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12 Dodgers Get Reprieve


Twelve members of the Los Angeles Dodgers had their suspensions overturned Thursday for their roles in a brawl with fans at Wrigley Field last month.

Sixteen players and three coaches originally were suspended for a total of 76 games in the wake of the melee in the stands in Chicago on May 16.

"It was a victory for us in the big picture," Dodgers general manager Kevin Malone said. "We went from 16 players to five, and from 60 days to 24 on their suspensions, so they were cut by more than half.

"We're pleased about that, but we're going to allow the appeal process to possibly rectify and take care of the rest of the suspensions."

Gary Sheffield, among the NL leaders in homers and RBIs, is the only everyday player that did not have his suspension overturned. But the players' association immediately appealed to commissioner Bud Selig on behalf of Sheffield as well as for reserve outfielder F.P. Santangelo, pitcher Carlos Perez and backup catcher Chad Kreuter, who was the flashpoint of the fight with fans.

That means none of the suspensions can start until a hearing before Selig and another decision.

Malone worried that the original suspensions, if upheld, would have dealt a severe blow to the Dodgers' season and their division title hopes.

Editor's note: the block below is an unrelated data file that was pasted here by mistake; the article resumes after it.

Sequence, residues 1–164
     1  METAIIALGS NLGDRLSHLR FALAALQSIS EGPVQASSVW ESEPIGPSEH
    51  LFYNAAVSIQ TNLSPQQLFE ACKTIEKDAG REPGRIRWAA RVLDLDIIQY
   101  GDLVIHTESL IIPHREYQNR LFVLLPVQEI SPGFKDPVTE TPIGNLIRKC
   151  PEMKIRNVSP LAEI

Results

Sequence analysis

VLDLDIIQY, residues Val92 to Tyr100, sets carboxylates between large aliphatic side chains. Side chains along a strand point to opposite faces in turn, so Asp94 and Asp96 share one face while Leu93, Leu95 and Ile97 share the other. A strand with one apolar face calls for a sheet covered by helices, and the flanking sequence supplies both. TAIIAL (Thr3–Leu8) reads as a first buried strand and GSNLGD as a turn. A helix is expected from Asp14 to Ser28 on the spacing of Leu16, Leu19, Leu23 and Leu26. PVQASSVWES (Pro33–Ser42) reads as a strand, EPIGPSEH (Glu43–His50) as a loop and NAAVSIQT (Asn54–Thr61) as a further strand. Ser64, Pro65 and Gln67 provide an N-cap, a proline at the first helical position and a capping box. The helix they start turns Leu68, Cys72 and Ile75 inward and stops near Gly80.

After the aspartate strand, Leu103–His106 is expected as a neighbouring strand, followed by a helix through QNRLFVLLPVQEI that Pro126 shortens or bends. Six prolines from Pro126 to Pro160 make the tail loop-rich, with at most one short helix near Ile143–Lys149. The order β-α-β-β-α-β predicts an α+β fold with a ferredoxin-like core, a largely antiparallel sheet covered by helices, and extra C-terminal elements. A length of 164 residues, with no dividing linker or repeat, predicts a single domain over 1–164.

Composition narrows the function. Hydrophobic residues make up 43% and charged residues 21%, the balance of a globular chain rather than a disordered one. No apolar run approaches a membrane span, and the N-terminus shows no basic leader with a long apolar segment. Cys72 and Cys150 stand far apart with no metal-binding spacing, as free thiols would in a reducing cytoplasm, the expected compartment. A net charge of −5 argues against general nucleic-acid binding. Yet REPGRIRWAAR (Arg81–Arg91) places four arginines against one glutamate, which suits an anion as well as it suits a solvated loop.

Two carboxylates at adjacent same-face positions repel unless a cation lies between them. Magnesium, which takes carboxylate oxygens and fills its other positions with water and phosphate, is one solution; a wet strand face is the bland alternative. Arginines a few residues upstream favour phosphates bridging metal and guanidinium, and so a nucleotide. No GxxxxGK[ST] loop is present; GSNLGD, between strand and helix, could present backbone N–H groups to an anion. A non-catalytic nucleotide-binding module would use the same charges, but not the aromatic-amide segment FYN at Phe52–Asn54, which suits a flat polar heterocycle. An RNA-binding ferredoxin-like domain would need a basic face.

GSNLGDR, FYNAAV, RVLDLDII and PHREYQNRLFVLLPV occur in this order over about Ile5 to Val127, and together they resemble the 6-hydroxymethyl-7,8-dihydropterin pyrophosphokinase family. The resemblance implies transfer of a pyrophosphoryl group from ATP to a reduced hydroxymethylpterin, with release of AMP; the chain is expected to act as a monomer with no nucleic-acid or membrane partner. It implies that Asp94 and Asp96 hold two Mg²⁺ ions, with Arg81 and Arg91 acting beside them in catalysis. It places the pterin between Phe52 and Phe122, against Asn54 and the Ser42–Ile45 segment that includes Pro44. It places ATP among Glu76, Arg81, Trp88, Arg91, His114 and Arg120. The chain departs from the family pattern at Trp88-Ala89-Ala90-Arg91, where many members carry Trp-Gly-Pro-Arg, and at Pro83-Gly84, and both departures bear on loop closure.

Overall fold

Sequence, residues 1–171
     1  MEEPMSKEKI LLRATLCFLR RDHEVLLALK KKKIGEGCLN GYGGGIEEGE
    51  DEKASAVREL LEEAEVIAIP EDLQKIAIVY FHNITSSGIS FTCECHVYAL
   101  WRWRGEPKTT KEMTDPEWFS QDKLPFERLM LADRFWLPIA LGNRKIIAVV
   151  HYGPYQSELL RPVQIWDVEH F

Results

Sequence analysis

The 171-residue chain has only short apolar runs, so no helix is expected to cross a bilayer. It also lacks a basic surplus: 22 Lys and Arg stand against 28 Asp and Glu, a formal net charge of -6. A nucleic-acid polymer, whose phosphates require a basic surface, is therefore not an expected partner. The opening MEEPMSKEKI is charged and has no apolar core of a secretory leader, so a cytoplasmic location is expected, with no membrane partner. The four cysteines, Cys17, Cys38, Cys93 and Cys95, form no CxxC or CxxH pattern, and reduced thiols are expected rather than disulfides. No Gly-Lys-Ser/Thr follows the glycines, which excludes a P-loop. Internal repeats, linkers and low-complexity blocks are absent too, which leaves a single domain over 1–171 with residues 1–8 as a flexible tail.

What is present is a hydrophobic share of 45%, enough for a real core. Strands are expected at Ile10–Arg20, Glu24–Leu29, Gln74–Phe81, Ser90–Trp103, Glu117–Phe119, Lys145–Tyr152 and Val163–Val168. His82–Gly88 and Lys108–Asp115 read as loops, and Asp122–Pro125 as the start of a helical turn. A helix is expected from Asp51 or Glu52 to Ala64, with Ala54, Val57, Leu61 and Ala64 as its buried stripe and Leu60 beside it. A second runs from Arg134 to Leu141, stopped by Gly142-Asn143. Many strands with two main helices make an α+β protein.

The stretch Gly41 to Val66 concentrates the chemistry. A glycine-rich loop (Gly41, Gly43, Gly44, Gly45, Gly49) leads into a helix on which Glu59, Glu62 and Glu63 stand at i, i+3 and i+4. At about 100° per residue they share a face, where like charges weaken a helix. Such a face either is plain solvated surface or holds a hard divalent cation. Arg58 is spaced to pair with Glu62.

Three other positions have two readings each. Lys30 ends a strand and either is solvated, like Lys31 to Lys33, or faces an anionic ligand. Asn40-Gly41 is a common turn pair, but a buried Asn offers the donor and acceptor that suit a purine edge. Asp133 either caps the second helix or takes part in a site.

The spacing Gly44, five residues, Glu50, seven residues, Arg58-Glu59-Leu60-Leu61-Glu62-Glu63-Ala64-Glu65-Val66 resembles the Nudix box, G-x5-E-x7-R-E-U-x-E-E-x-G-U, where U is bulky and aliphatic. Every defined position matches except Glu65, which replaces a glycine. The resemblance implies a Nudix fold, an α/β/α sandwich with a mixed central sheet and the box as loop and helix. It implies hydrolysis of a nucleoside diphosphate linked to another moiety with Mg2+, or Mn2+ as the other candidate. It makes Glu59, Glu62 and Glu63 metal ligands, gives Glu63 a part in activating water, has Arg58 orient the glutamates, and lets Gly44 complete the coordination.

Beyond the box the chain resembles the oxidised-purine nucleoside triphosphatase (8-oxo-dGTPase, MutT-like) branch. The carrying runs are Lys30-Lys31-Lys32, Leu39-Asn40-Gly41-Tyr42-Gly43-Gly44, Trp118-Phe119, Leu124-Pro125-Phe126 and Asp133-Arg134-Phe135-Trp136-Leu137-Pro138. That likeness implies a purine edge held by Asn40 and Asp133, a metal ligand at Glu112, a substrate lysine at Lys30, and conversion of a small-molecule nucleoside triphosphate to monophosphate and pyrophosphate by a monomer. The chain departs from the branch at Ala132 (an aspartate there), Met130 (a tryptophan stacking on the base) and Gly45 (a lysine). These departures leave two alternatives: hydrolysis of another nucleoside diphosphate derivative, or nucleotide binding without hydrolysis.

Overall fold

He believes their situation is acceptable now, even if Sheffield has to serve his five-game suspension.

"We now have most of the team back. If we can't win without a key player for a few days, then we're not a championship-caliber team," Malone said.

Unlike the players, coach John Shelby began serving his eight-game suspension Thursday night as the Dodgers played the San Diego Padres.

The original 16 suspensions were believed to be the most ever in a single case in baseball history.

Paul Beeston, baseball's chief operating officer, overturned three-game suspensions for pitchers Terry Adams, Darren Dreifort, Eric Gagne, Onan Masaoka, Alan Mills, Antonio Osuna> and Chan Ho Park; catcher Todd Hundley; first baseman Eric Karros; and outfielders Geronimo Berroa and Shawn Green.

Coach Glenn Hoffman's eight-game suspension also was overturned, and pitcher Mike Fetters' four-game ban was reduced to one game.

Beeston upheld the penalties, issued by baseball disciplinarian Frank Robinson, for Kreuter (eight games), Perez (five games) and Sheffield and Santangelo (five games each).

An eight-game suspension also was upheld for coach Rick Dempsey, who like Shelby, had no other avenues of appeal remaining. Fines to all the Dodgers involved also were upheld.

"There is some mixture of satisfaction and disappointment," union lawyer Gene Orza said. "We're pleased they've rejected the idea that any player who goes into the stands, now matter what, even as a peacemaker, is deserving of a three-game suspension."

Orza said Kreuter's penalty and those of other players should all have been reduced by at least three games.

"The enormity of the remaining penalty portrays him as the villain," Orza said. "He was provoked. We're still waiting for major league baseball to say something on behalf of Chad."

If and when the Dodgers players who are appealing wind up serving their suspensions, their absences will be staggered according to a schedule set up by baseball.

The brawl started when Kreuter, in the bullpen, said a fan struck him in the back of the head and grabbed his cap. Kreuter went into the stands and his teammates and coaches followed. It triggered a brawl that delayed the game for nine minutes.

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